Britnee: No lie, I wish that I was a neighborhood resident that could frequent the donut shop. Everyone just seems so nice and accepting there, and at all hours of the night! All of the shabby chic buildings and constant aura of mystery create an environment that I just didn’t want to leave. What I truly enjoyed the most about Dale’s wonderful Blood & Donuts world is the portrayal of our vampire pal, Boya. Vampire lore is easy to play around with, but most movies tend to work within the same handful of vampire characteristics. We either have a bloodthirsty vampire that lures innocent prey to their doom or a vampire that hates being a vampire with no control over their actions. As far as vampiric variations in film go, Boya stands in a category all of his own. He is able to control his urges and only unleashes the vampire within when he’s helping his human pals fight the bad guys. He values friendships and human connections, yet he doesn’t constantly mope around bitching about being a vampire. His vampirism does not define who he is. Boya is like the cool guy you can have deep, philosophical conversations with who just so happens to be a vampire. A world where vampires are like Boya is a wonderful world indeed.

I love how Dale was able to make most of the characters, including those who had just a single line, genuinely loveable. Her focus on the humanity of the characters is what really sets this film apart from the other vampire flicks of the 90s. Take Earl for example. His character could’ve easily leaned more towards being a total doofus that’s only around for a couple of laughs, but he ends up being a genuine sweetheart that adds so much life to the movie. I was surprised that I became as interested in his well-being as I did, considering that I could barely understand his lines through the filter of his Canadian-New-York-City-Eastern-European-Christopher-Walken accent. Dale truly made the most of what she had to work with, which really wasn’t much considering the film’s low budget. This really shows her talent as a director. If I wouldn’t have researched the film’s budget, I truly wouldn’t have known that it was filmed for less than $300,000. Now, I’m not known for having the best taste, but I seriously didn’t get many low budget movie vibes from this picture.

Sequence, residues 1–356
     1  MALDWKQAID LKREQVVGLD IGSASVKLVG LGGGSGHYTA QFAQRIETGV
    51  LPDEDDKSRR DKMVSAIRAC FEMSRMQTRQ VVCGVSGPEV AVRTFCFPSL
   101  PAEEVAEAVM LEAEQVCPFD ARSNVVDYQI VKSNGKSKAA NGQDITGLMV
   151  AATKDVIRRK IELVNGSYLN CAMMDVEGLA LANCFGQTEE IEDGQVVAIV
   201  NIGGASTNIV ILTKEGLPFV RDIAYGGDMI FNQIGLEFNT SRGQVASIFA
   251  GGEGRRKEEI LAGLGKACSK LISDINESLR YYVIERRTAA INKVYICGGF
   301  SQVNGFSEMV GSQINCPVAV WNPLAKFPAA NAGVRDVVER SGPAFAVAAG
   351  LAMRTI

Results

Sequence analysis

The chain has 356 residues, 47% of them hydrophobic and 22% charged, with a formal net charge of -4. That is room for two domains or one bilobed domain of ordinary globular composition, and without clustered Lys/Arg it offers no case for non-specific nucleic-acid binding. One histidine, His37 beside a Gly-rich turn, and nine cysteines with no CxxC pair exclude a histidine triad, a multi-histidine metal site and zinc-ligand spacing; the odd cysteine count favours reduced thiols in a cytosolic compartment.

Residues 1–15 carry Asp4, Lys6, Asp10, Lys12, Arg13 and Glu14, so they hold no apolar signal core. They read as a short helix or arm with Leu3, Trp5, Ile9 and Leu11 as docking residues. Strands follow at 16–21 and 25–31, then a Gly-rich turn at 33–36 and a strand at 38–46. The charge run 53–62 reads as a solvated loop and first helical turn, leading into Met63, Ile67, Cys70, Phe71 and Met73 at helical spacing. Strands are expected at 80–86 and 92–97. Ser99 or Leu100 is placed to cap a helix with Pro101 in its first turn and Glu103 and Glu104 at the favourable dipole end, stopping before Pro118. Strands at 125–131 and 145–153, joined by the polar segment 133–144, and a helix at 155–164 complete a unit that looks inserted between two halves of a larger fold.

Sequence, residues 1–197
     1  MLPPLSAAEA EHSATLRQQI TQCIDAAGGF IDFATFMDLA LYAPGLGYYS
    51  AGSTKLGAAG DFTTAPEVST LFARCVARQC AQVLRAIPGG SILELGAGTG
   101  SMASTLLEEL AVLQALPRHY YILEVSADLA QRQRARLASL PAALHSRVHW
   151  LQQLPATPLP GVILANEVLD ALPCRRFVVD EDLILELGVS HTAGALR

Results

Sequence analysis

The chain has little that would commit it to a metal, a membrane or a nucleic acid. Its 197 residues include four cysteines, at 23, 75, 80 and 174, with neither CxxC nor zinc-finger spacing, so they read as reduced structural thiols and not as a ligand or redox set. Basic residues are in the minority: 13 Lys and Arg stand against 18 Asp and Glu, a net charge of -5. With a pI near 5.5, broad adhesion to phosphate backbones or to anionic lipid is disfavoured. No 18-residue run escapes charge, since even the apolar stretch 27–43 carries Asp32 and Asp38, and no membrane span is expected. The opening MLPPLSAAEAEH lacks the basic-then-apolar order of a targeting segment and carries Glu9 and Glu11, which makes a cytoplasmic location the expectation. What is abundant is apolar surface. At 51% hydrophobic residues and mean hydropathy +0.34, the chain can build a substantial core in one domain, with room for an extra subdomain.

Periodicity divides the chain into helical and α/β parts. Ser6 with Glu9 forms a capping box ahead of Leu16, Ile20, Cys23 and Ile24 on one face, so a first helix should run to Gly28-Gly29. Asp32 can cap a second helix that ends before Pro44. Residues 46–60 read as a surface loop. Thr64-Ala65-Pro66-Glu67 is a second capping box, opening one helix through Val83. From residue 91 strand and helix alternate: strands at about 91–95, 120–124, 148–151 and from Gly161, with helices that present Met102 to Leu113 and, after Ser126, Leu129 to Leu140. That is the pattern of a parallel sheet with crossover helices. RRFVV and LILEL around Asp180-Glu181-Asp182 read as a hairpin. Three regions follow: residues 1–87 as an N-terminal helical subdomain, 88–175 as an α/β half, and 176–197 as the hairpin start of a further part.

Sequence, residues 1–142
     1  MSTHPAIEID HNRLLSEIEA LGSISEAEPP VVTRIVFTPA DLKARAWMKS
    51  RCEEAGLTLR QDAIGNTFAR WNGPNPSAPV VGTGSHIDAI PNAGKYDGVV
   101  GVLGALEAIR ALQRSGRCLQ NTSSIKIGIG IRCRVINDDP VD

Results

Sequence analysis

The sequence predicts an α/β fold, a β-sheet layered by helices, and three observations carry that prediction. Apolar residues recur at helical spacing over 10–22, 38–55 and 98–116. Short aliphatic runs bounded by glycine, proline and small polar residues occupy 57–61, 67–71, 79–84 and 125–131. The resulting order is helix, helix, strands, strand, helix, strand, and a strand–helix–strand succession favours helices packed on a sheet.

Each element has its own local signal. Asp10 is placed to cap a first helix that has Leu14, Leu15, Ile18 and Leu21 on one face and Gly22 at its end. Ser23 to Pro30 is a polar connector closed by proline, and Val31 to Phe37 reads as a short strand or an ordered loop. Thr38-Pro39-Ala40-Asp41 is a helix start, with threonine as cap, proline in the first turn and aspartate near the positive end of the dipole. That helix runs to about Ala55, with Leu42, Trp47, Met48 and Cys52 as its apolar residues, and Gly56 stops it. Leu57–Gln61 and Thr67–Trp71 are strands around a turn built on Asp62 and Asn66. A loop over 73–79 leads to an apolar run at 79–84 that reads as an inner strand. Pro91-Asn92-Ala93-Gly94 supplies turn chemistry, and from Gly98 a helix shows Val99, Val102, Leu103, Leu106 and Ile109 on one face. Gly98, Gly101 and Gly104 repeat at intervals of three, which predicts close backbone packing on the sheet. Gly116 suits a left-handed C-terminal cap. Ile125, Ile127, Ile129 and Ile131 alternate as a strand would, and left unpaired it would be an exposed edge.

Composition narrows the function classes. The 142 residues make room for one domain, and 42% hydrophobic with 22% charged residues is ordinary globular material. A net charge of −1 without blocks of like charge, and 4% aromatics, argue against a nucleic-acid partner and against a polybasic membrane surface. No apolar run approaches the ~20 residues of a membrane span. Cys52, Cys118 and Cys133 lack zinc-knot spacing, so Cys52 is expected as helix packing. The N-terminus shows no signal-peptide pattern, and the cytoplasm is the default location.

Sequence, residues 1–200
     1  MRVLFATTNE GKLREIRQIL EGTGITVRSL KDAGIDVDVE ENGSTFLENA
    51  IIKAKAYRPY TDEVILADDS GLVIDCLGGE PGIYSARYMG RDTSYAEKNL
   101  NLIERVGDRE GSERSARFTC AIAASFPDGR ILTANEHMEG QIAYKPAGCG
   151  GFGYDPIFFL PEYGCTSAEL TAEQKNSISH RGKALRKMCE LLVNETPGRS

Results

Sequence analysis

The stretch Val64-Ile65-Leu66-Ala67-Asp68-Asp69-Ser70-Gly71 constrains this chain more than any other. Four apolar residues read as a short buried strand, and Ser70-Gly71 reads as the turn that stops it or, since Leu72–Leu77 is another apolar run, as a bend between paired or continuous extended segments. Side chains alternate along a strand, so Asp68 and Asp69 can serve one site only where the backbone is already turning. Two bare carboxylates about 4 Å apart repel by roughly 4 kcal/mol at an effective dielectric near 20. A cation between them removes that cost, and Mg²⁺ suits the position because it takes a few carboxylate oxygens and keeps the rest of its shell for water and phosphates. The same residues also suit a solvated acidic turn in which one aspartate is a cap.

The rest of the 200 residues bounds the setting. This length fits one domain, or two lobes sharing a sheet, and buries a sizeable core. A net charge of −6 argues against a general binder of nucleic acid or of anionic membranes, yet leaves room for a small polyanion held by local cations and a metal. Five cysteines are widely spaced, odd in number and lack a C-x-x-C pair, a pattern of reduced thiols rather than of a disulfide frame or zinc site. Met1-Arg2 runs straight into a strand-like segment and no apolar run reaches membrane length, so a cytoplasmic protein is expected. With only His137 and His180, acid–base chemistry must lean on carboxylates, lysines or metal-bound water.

Blood & Donuts is such a nice movie. Nice as in, every character is surprisingly nice considering what roles they play. The most evil people in the movie are the goofy guys in the bowling alley gang, and they’re really not the worst. The film works without having a disturbingly evil antagonist. Brandon, am I being too light Cronenberg’s bowling alley gang? Do you think the film would have benefited from really evil bad guys instead of mediocre bad guys?